Romania’s tax framework is generally quite competitive, including here investors in real estate. The 16% corporate tax rate (since 2005) is higher than in some of our neighbouring countries such as Hungary and Bulgaria (10%), but we have very competitive treatment of capital gains from selling participations (tax-exempt provided that at least 10% of the shares are owned for at least one year), zero withholding tax on dividends and also the recently introduced tax consolidation, all these making Romania competitive to holding companies. Unfortunately, a planned increase to €140,000 (from approx. €90,000) for the application of the reduced VAT rate of 5% for dwellings, which would have helped the residential market, was postponed until 2022, due to budgetary constraints. Not that competitive is the newly introduced legislation for the sale of agricultural lands, which made investments in such lands much more difficult, due to newly introduced pre-emption rights. Another problem for investors was generated by the decision to suspend all PUZ in Bucharest until the 1st of March 2022, which makes it almost impossible for investors to obtain new construction permits. Hopefully, the suspension will not be prolonged.
When do you expect investment activity to bounce back to pre-pandemic levels? Are you registering interest from new players wanting to enter the market?
The good news is that signs of economic recovery are already here. Although it may not be visible right now, the Romanian economy is moving fast. Just look for example at the economic growth. A figure of around 7% in 2021 would not be something unexpected. And this is quite remarkable given the stormy 2020 and the pandemic challenges. This growth reflects among others the resilience of the players in key sectors of the private economy (from IT to construction and to the agribusiness).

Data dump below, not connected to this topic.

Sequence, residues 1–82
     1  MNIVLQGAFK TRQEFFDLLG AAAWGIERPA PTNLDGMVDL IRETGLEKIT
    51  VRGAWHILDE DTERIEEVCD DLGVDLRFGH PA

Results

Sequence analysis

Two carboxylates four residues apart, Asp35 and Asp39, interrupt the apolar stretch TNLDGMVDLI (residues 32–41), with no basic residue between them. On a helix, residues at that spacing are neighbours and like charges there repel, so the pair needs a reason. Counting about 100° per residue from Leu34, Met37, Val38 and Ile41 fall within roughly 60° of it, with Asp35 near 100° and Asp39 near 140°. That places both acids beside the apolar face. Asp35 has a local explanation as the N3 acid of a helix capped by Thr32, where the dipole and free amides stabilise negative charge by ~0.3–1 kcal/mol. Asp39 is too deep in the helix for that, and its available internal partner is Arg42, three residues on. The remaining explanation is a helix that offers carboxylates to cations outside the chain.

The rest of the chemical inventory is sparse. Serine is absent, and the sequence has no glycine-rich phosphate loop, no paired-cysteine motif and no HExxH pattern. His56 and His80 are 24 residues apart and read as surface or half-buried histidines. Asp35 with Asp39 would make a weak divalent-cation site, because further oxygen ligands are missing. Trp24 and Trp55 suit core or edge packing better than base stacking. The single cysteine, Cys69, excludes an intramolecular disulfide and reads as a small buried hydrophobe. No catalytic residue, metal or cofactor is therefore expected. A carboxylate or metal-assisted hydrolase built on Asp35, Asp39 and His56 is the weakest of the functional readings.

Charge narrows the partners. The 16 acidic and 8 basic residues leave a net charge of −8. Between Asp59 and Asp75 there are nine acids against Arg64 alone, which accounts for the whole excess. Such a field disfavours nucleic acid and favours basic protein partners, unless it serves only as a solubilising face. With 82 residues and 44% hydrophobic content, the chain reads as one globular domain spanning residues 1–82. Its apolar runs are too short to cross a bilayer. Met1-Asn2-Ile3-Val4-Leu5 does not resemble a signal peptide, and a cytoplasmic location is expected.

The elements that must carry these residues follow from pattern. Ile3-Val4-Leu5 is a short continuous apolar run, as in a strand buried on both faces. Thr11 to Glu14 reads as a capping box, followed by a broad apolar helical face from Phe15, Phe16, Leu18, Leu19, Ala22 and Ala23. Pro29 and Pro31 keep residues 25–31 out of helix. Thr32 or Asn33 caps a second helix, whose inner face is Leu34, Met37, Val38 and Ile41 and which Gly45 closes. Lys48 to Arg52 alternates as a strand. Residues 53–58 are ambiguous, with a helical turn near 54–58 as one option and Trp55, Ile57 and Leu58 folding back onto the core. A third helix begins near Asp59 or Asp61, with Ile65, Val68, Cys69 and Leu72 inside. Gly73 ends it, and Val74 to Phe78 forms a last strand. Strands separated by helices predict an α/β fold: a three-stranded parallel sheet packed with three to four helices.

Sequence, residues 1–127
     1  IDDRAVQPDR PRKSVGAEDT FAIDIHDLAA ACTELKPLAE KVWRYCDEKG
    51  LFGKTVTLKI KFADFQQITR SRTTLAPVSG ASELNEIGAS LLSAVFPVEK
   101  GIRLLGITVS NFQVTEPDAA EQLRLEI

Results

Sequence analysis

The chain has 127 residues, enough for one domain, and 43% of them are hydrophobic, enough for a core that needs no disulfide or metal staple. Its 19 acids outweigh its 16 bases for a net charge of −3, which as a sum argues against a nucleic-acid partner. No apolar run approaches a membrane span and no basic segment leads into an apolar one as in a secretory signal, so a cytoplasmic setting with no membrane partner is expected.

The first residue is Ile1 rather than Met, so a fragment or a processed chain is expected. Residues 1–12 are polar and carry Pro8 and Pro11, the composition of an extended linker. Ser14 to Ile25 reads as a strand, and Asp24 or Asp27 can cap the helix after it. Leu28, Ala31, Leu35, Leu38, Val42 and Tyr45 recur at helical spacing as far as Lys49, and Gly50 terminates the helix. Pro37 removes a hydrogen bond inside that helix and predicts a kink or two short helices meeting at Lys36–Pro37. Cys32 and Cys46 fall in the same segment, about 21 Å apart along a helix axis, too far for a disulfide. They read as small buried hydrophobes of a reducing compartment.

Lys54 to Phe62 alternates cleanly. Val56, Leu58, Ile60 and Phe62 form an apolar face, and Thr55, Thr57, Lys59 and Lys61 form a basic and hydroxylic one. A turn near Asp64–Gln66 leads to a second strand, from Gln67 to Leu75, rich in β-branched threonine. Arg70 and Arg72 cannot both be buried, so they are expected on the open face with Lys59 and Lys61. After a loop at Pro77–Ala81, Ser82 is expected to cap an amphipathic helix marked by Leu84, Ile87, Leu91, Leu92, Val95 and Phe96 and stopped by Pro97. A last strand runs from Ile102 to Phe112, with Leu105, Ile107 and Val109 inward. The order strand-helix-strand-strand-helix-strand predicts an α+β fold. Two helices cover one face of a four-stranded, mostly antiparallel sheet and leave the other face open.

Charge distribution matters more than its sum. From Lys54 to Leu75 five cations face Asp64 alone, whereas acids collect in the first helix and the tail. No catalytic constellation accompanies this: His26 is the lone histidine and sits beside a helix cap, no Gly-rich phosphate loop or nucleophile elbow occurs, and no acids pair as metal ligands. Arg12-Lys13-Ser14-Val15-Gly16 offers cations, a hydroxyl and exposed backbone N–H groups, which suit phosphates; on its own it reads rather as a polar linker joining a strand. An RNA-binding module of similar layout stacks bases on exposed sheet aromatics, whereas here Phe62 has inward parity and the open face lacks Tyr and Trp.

Somehow, they made it through and managed to bounce back benefiting among others from a highly-skilled local workforce in services sectors, a constant demand for residential units and from very competitive mobile and broadband internet speed. Despite all odds, they prevailed and are continuing the cycle of growth. This trend will probably continue in the next 3-5 years. This dynamic of the economy has not remained unnoticed. Therefore, we have seen constant interest in the past few months in the Romanian real estate market from new players acting in the region, especially from the Czech Republic and Poland. The end of 2021 may be a moment when they could become active.
When you talk to new investors that don’t know the Romanian market, how do they see the business environment here? What are their questions?
Investors we have spoken with are looking at Romania as an opportunity for medium - and long-term investments. This is good news since we are speaking of mature investors who know their business and are looking to extend it regionally. This eventually creates regional interconnectivity and would help build a more mature business environment. Most of these investors have done the usual market-specific checks and therefore are quite familiar with the fundamentals of the Romanian market. Therefore, investors are mostly interested in details and practical matters. Questions are becoming more and more targeted. Let me give you an example of the type of questions we are receiving for urbanism and authorization matters even before the actual project details are made. Is the PUZ required or can I build relying on the existing PUG? How much time does it take to get a building permit? Do I need a fire permit? Can I operate a building without a fire permit?
Are there any specific changes in legislation that real estate market players are asking for at present?
More than ever investors are seeking predictability and fewer changes. For example, a new law, the Usage Conservation and Soil Protection Law 246/2020 is making a soil quality certificate mandatory as a prerequisite for basically any transfer of land. The law mentions all types of land: agricultural, forestry and industrial alike. The lack of a certificate is apparently sanctioned with the nullity of the ownership transfer document. The certificate shall be issued by a state-organized soil and environmental protection institute ICPA. The institute will not issue the certificate until the application norms will bring more details. These norms are expected only in 2022. Thus, it is unclear if the certificate is mandatory now or only after the application norms are implemented. Such unclear provisions are certainly of no help to investors.